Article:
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July 30, 2015
Using Celebrities to Drive Traffic is Nothing New
So you think that celebrity endorsers are the answer to all your brand awareness and loyalty needs? Well, the answer can be an unqualified yes or a resounding no. It all depends on the character of the celebrities and the quality of the brand/endorser relationship.

I know a bit about using celebrities to drive marketing publicity and corporate image campaigns, having cut my PR teeth as a young assistant vice president for branch office publicity at industry-leading, Los Angeles-based Home Savings & Loan Association, later with leading public relations agencies, and my own firm.

Home Savings, which made its’ money by acquiring savings accounts and making home mortgage loans, catered to what has become known as the senior market — those over age 50 with significant assets and little debt. In the early ’70s, Home was rapidly expanding its branch office network by acquiring independent S&Ls, so our in-house marketing and advertising department needed a tool-kit to attract crowds to newly acquired offices. The solution was found in Max Wilk’s illustrated book entitled The Golden Days of Radio, which became a customer giveaway supported by the creation of a celebrity marketing team composed of golden age of radio stars and led by our own corporate spokesman, former radio and television actor Harry Von Zell.

Our all-star team of some eight leading radio lights, led by Von Zell, often called “the Johnny Carson of radio,” made personal appearances at new Home offices to chat with fans and autograph free books. The appeal was that few people knew much about these stars of the ’30s to ’50’s airwaves, who by the Seventies had been out of the public eye for years. Our team included tops stars like Frank Readick Jr.’s The Shadow, whose radio program opened with him whispering into a half-filled water glass to create the iconic line, "Who knows what evil lurks in the hearts of men? The Shadow knows!" He was accompanied by Mr. District Attorney, portrayed by actor Jay Jostyn, and popular vocalist Andy Russell, who followed Frank Sinatra as lead singer on Hit Parade and is best known for his hits “Besame Mucho” and “Magic is the Moonlight.” Interestingly, Andy, a Los Angeles–bred Latino, played an important role in Home Saving’s outreach to the Hispanic community.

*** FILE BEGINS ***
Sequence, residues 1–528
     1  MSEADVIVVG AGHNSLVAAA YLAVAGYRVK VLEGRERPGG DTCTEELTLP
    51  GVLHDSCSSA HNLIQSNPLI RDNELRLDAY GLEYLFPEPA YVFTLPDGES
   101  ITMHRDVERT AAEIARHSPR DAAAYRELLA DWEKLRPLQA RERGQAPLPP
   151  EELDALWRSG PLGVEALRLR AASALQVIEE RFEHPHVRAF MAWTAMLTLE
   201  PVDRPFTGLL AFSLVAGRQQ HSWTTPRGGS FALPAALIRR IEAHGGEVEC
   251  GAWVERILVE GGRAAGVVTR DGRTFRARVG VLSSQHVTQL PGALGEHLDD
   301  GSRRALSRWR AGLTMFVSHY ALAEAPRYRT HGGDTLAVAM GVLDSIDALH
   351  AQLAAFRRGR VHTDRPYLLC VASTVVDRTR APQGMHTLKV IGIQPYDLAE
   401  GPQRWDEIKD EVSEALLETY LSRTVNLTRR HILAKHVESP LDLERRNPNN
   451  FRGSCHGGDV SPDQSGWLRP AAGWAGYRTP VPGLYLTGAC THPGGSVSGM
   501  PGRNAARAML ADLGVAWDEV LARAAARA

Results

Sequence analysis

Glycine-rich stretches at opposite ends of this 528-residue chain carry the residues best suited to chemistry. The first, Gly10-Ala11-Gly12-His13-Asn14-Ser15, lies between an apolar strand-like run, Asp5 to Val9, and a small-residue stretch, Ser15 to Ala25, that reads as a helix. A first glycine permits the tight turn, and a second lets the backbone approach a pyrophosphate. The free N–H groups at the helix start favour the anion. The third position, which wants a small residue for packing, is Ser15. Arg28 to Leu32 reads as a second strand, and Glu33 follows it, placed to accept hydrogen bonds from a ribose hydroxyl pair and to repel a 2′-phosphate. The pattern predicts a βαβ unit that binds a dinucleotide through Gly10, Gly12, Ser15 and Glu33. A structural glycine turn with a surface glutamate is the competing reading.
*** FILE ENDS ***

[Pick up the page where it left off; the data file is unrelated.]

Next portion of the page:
Home Savings successfully employed its Golden Age of Radio team for several years, during which time they made hundreds of branch office appearances, autographed thousands of books, generated reams of glowing newspaper publicity, and gave hundreds of radio and television interviews. While PR measurement was casual in those days, calculated by the number of books given away and literally measuring the size of the publicity harvest, the number of new savings accounts opened and the volume of in-flowing dollars easily measured ROI.

The upshot – our grateful team of radio spokespeople, whose job opportunities had dwindled to next to nothing with the decline of the medium, remained loyal for years, as did Home Savings’ customers.

Having played out the Golden Days of Radio theme, our marketing team updated its campaign theme with a follow-up book by Mr. Wilk, entitled The Golden Days of Television, and recruited TV stars like Gilligan’s Island’s Skipper Alan Hale, Jr., The Beverly Hillbillies’ beauty Donna Douglas, Gale Storm of My Little Margie, and George Fenneman, Groucho Marx’s sidekick on You Bet Your Life.

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Len Stein founded Visibility Public Relations to position the full spectrum of creative marketing services companies for industry thought-leadership. 

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